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Public meeting hears case for £2.5 million Peak District bike trail project

New routes will boost local economy and reduce visitors' car dependency...

People attending a public meeting in Buxton last week were told that a £2.5 million cycle trail project in the Peak District National Park would provide a boost to the local economy.

The project, which will provide cycle trail links from Buxton and Matlock stations which will connect to the existing High Peak, Monsal and Tissington rails, is being funded by the Department for Transport as part of plans by the Peak District National Park Authority (PDNPA) to attract tourists while reducing the number of cars accessing local beauty spots.

According to the Buxton Advertiser, a spokesman for the Buxton Civic Association (BCA), which is working on detailed routes and planning procedures for the PDNPA, said: “We believe that the project will greatly benefit the local tourist economy," adding, “it will provide some excellent leisure facilities for everyone.”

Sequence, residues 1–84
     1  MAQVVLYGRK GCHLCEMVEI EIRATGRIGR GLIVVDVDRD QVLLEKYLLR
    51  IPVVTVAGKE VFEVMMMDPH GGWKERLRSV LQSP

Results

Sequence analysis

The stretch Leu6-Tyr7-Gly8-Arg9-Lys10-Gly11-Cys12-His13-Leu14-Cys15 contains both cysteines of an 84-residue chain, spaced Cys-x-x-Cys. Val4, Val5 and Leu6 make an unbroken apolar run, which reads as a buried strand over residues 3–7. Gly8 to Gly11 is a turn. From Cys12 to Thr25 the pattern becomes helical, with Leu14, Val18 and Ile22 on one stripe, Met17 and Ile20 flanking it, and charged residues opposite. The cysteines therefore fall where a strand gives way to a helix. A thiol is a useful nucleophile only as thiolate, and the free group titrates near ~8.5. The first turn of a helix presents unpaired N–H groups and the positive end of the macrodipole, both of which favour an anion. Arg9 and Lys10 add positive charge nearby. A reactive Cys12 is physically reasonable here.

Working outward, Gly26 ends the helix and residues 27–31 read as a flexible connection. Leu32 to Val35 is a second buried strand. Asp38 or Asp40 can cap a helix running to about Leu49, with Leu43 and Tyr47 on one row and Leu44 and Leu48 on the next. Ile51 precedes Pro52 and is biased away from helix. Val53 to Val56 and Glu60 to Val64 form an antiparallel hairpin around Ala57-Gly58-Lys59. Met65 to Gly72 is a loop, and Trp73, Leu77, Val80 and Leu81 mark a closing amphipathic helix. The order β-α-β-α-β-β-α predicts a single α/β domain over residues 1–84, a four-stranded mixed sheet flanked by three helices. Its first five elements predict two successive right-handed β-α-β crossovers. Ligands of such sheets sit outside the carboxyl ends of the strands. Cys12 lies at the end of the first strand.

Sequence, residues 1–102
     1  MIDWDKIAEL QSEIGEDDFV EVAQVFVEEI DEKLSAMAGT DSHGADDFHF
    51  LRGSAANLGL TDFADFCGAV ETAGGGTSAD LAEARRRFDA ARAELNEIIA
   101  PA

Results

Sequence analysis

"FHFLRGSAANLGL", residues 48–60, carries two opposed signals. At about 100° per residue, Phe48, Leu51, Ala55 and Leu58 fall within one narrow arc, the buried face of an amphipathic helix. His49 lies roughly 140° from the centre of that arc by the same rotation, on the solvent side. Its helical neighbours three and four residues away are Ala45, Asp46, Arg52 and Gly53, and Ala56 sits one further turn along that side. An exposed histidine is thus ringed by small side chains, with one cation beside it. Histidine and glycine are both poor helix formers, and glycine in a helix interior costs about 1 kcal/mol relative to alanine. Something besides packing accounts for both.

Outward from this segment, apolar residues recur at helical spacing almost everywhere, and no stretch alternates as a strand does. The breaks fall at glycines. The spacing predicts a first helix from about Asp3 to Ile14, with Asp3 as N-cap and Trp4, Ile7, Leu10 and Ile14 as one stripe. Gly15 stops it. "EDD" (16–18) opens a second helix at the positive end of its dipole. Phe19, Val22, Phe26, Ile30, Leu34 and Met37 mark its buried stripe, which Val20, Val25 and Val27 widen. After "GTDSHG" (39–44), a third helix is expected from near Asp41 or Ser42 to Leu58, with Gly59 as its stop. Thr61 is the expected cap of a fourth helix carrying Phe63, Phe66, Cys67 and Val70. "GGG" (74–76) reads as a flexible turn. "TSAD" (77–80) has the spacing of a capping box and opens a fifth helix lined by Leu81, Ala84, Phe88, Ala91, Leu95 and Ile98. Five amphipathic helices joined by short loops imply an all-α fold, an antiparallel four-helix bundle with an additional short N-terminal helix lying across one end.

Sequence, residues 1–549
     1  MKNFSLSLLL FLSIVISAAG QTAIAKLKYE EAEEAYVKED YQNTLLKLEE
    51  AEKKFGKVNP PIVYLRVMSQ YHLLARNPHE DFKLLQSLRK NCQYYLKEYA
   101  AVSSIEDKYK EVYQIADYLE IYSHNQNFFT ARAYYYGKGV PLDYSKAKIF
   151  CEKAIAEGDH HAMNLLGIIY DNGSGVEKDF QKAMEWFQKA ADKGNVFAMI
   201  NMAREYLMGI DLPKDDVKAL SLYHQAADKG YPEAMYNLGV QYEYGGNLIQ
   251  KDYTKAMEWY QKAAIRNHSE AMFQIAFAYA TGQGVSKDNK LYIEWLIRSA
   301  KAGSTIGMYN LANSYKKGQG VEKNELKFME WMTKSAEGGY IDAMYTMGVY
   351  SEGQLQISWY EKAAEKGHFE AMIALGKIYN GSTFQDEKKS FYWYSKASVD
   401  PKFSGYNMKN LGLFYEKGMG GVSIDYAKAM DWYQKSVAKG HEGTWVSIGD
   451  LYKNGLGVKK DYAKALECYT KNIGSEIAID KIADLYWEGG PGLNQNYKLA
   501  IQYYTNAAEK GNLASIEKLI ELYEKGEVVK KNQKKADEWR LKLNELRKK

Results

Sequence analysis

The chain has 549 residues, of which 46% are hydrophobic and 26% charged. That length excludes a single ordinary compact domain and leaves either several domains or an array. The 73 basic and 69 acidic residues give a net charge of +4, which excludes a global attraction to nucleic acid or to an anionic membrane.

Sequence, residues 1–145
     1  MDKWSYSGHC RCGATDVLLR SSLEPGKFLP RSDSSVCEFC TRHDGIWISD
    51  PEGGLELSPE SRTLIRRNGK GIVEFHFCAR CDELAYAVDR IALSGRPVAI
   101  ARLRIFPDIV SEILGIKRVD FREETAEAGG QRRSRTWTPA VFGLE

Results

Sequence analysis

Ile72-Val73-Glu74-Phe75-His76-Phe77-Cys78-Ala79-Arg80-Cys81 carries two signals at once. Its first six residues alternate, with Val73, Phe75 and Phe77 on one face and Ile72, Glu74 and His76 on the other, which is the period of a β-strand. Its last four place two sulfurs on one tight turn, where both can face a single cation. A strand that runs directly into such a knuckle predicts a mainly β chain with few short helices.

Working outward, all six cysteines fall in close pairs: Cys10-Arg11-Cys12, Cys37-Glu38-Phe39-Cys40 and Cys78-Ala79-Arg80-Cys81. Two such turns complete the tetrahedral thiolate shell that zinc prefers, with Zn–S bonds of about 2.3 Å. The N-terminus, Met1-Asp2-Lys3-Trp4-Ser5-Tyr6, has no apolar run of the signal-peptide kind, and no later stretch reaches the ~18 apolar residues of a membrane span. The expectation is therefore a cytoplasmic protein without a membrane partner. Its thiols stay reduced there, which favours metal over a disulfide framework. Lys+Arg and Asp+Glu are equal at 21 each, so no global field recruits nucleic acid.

The BCA put forward its planning application for part of the route including Diamond Hill, Harpur Hill, Staker Hill and Earl Sterndale in January, according to the newspaper.

John Grimshaw, Special Advisor to Cycling England, told the meeting: “This would be a really good family cycle route. We want to make it possible for people to come to Buxton, then cycle or walk around. We want to create paths suitable for wheelchairs and elderly people."

A further public meeting is due to be held in May or June, and subject to planning permission, the project is planned to be completed by 2012.
 

Simon has been news editor at road.cc since 2009, reporting on 10 editions and counting of pro cycling’s biggest races such as the Tour de France, stories on issues including infrastructure and campaigning, and interviewing some of the biggest names in cycling. A law and languages graduate, published translator and former retail analyst, his background has proved invaluable in reporting on issues as diverse as cycling-related court cases, anti-doping investigations, and the bike industry. He splits his time between London and Cambridge, and loves taking his miniature schnauzer Elodie on adventures in the basket of her Elephant Bike.

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